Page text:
How Brexit has changed UK intellectual property (IP) laws

    Following the Brexit transition period, what has changed for UK intellectual property (IP) laws? Andrew Jerrard, solicitor, Trethowans, answers the question.

    If you had an EU-registered trademark/community design, you will have been granted an equivalent UK trademark automatically but what about EU trademark applications, patents and copyright? What happens to questions referred to the Court of Justice of the European Union (CJEU) from the UK and which courts can depart from EU case law?

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    What has happened to IP in light of Brexit?

    The Brexit transition period ended at 11pm on December 31 2020. During this period, there was no change to UK IP laws.

    After the transition period, the same UK IP laws and system continue to apply in the UK and the EU system continues without the UK. Only the UK Supreme Court, the Court of Appeal and certain specialist appeal courts may depart from EU case law (in England and Wales).

    The UK may no longer refer cases to the CJEU and UK courts are not required to follow CJEU decisions; the UK Supreme Court replaces the CJEU as the final court of appeal. However, referrals made before the transition period ended are still bound by the CJEU’s decision.

    Registered trademarks/design rights

    Existing EU-registered trademarks/community designs do not cover the UK after the transition period but the UK has automatically granted an equivalent national UK registered trademark/design at no cost to the owner.

    For EU trademark/community design applications existing at the end of the transition period, the applicant can re-file in the UK within nine months after the transition period and benefit from the earlier EU filing date for their UK application; however, there is a cost to re-file.

    EU unregistered design rights

    It’s not clear whether designs disclosed outside of the EU can have unregistered community design rights. This question has remained unanswered for over 18 years and the CJEU is due to answer it following a referral from the UK’s Intellectual Property Enterprise Court hearing the ‘Squeezamals’ case (involving plush toy designs disclosed in Hong Kong).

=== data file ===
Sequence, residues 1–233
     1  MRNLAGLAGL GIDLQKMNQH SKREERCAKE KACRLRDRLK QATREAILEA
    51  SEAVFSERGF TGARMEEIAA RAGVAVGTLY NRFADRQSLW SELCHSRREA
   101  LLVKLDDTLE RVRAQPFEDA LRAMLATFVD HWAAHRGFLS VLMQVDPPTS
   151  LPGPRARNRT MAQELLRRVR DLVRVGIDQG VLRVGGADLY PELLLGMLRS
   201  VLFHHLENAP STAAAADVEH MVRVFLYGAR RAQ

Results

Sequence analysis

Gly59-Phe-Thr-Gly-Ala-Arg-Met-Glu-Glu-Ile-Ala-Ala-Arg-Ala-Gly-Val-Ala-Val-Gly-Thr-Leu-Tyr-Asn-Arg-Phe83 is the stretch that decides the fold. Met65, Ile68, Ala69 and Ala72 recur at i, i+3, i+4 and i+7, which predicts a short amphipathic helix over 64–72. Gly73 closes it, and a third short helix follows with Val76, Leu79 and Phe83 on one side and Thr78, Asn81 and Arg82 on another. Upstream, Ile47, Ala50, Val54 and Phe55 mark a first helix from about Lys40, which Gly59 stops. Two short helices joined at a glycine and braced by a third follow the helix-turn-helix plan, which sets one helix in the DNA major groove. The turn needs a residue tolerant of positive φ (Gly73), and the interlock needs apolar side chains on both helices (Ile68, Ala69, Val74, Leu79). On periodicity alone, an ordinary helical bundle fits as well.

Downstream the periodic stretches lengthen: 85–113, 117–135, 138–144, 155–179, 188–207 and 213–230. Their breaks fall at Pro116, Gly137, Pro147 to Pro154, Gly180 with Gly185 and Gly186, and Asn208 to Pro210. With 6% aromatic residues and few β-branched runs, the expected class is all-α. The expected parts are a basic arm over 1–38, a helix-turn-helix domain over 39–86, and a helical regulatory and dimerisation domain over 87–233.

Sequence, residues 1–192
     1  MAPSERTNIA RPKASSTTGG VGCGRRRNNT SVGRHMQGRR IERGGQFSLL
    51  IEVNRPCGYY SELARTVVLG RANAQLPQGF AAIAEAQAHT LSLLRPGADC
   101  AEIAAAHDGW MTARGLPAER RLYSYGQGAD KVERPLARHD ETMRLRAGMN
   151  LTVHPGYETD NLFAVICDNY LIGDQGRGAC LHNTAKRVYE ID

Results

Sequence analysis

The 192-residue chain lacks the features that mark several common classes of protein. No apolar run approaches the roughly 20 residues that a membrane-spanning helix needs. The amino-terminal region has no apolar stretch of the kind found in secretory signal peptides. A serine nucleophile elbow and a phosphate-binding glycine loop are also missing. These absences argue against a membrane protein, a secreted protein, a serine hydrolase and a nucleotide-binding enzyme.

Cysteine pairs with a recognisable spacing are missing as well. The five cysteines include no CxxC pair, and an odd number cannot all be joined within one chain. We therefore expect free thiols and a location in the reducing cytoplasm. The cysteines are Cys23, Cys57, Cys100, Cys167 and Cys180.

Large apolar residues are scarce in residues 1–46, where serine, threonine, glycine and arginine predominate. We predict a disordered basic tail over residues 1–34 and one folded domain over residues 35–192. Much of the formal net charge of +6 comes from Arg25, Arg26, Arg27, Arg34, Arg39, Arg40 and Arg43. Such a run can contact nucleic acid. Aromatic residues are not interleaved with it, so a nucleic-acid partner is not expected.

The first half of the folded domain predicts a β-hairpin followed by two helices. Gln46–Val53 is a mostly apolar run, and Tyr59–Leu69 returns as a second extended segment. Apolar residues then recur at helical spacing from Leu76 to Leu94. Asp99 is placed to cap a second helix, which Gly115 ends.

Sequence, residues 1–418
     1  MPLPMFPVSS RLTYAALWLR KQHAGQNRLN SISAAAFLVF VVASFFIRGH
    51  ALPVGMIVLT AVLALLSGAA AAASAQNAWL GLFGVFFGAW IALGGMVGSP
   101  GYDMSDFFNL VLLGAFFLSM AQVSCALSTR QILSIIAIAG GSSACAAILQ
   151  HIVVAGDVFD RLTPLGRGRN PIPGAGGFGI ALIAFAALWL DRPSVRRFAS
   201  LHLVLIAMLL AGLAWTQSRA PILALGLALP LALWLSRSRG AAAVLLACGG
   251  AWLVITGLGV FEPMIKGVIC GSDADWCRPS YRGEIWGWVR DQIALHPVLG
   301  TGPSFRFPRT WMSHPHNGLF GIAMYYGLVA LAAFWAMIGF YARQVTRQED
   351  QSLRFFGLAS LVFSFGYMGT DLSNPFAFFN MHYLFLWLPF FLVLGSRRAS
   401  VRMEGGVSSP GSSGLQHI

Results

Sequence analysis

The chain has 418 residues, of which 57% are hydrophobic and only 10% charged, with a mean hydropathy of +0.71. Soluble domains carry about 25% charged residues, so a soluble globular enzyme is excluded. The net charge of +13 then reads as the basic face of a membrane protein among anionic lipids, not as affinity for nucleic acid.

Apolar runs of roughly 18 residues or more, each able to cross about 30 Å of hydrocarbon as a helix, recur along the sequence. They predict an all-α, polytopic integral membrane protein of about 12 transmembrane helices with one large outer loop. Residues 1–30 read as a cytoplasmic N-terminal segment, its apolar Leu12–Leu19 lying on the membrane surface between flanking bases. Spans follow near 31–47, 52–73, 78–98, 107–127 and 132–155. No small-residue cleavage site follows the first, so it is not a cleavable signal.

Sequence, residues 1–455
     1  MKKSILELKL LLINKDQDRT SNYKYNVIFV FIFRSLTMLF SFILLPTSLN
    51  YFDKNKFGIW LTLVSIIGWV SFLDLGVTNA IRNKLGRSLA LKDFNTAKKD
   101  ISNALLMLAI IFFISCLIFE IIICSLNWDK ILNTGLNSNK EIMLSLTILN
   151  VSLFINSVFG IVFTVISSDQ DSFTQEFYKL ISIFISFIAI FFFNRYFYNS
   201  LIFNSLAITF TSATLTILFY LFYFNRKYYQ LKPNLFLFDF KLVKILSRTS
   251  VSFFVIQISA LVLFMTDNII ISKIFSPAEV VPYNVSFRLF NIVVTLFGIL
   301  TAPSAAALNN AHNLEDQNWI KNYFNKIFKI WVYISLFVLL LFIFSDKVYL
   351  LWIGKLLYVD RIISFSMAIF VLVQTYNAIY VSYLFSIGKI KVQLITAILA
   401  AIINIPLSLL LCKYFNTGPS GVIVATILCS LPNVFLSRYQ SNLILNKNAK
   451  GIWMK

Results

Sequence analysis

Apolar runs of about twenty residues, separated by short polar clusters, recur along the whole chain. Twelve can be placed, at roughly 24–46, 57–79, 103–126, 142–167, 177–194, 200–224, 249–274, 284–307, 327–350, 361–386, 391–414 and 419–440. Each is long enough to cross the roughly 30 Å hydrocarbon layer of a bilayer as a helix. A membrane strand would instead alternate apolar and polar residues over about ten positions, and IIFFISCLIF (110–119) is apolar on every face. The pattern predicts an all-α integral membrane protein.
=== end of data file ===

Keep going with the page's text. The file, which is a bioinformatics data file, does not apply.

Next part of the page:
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    We therefore do not know whether designs disclosed in the UK after the transition period benefit from an EU unregistered community design right.

    However, designs that benefited from unregistered community design right protection before January 1 2021 continue to do so for the remainder of the three-year term.

    The UK has created a new ‘mirror image’ three-year ‘supplementary unregistered design’ right that may apply to designs first disclosed in the UK after the transition period. This ensures that designers still benefit from the same design rights they had before the transition period ended.

    Designers should be careful about where and when they disclose their designs to ensure valid unregistered design right protection is available in both the UK and EU. Given the uncertainty, it may be preferable to arrange first disclosure simultaneously in the UK and EU (and elsewhere depending on local law).

    UK unregistered designs

    There has been no change to UK unregistered design right, save that designs created after the transition period by authors that are EU/EEA nationals/residents do not give rise to UK unregistered design right.

    Patents

    The patent system sits outside of the EU meaning there has been no change and the UK remains a member of the European Patent System.

    Copyright

    Copyright has not changed, however the UK courts may now deviate from EU law, causing protection based on UK works to be treated differently in EU countries.

    Database rights

    EU/EEA databases existing before the transition period ended are still protected in the UK but after the transition period, EU/EEA databases are protected only in the EU/EEA and UK databases are only protected in the UK.

    Linkedin2Andrew Jerrard

    trethowans.com

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